What To Do If Medicaid Benefits Are Terminated
Practice Area: Medicaid
A married nursing home resident has been on Medicaid for years. His “community spouse” passes away. What will happen next?
An unmarried Medicaid recipient is receiving community Medicaid benefits under Global Options. He lives in a house owned by his brother, who leaves him "everything" under his Will. The brother dies. What happens next?
A married Medicaid recipient who has been separated from her spouse for a long time is receiving community Medicaid benefits under MLTSS. Now the spouse files for divorce and may have to pay alimony or provide assets under a property settlement. What happens next?
The attorneys at Fink Rosner Ershow-Levenberg have extensive experience representing clients in cases like these where there is an imminent termination of Medicaid benefits. Many strategies are available to deal with those situations and avoid such catastrophic consequences.
Community Spouse Passes Away: What’s the Elective Share All About?
The Medicaid recipient who is a surviving spouse will likely receive a Termination of Benefits Notice that says the deceased spouse’s estate is expected to provide one-third of the estate assets to the surviving spouse as an "elective share." This refers to a Medicaid regulation at N.J.A.C. 10:71-4.10(b)3.ii which says that “Waiving the right to receive an inheritance, including spousal elective share pursuant to N.J.S.A. 3B:8-10" is deemed to be an uncompensated transfer of assets that results in a transfer penalty (i.e., ineligibility). The deceased spouse may have a Will that totally disinherits the spouse who is receiving Medicaid; or that leaves him a portion of the estate, or that leaves assets in Trust for him.
The Elective Share Statute (N.J.S.A. 3B:8-10) has a procedure for a surviving spouse to file a “claim for elective share” in court. That statute also has some exceptions in it, as there are situations in which the surviving spouse isn’t entitled to any elective share of the estate. Further, the statute outlines how the share is to be calculated. One Appellate Division case affirmed a transfer penalty in a situation where the entire estate was left in trust for the surviving spouse, but the surviving spouse failed to “file the claim” for the elective share. I.G. vs Dep’t of Human Services, 386 N.J. Super. 282, 900 A.2d 840 (App. Div. NJ 2006).
Medicaid Recipient Living With a Sibling Inherits Sibling’s Estate
If the Medicaid recipient is disabled and under age 65, we can arrange for the creation of a Special Needs Trust and transfer the inherited assets into the trust. This will preserve the assets for special needs, and maintain the Medicaid eligibility. If there are any mortgages on the property, they would need to be paid off before any transfer is done. This kind of trust is permitted under federal and state Medicaid law. It must be created by a parent, grandparent or court on special petition.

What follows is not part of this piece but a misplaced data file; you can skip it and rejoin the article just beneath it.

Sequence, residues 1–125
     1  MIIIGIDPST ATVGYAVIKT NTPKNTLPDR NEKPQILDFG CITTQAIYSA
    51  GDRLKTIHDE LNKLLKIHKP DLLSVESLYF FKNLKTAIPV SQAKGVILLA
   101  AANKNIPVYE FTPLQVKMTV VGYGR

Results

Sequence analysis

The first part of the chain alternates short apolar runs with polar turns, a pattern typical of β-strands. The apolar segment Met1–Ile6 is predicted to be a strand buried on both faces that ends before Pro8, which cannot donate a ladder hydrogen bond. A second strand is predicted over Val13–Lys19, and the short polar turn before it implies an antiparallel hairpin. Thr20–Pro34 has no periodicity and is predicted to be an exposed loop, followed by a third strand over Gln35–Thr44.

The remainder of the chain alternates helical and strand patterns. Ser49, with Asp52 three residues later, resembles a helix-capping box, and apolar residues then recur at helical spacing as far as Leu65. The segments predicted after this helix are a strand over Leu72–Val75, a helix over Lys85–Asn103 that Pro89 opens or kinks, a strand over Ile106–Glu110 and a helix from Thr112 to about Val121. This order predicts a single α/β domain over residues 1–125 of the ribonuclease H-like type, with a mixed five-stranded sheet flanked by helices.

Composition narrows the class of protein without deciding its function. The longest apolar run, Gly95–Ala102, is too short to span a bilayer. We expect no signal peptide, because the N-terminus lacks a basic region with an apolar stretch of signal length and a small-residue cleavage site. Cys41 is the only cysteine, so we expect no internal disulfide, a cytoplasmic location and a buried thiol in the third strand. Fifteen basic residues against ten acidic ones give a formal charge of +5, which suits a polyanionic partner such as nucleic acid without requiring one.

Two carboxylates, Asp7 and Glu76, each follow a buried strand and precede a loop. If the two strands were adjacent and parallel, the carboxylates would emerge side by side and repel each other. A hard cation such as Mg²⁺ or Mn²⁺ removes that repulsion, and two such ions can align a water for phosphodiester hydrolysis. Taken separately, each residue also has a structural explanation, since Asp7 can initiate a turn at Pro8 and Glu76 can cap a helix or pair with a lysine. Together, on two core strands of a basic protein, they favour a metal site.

If there was a Will, and there was sufficient evidence to prove that the deceased sibling would have created a supplemental needs trust for the beneficiary had s/he been better advised, it may be feasible to petition the court to "reform the will to reflect the testator’s intent."
If the above options are not feasible, there are generally other options available that could fit your particular circumstances.
Married Medicaid Recipient Under MLTSS Home Care is About to Receive Alimony or a Property Settlement in a Divorce
There is an "income cap" for eligibility for the community-based MLTSS Medicaid programs. The cap is $2,163/month in gross income. Receipt of alimony could push the individual over the income cap. Similarly, receipt of resources as part of a property settlement could result in ineligibility due to having excess resources.
If the Medicaid recipient is disabled and under 65, we can arrange for the creation of a Special Needs Trust, and the Family Court can order that the alimony and property settlement resources be paid into the trust. This will preserve the assets for special needs, and maintain the Medicaid eligibility. This kind of trust is called a "(d)4a trust" and is permitted under federal and state Medicaid law. It must be created by a parent, grandparent or court on special petition. We will write the trust, prepare the petition, and oversee the entire process to assure that your eligibility is preserved.
As above, if the Medicaid recipient is older than 65, there are still other options that can be available. In any situation, call us for representation early in the process so that we can advise you about your options.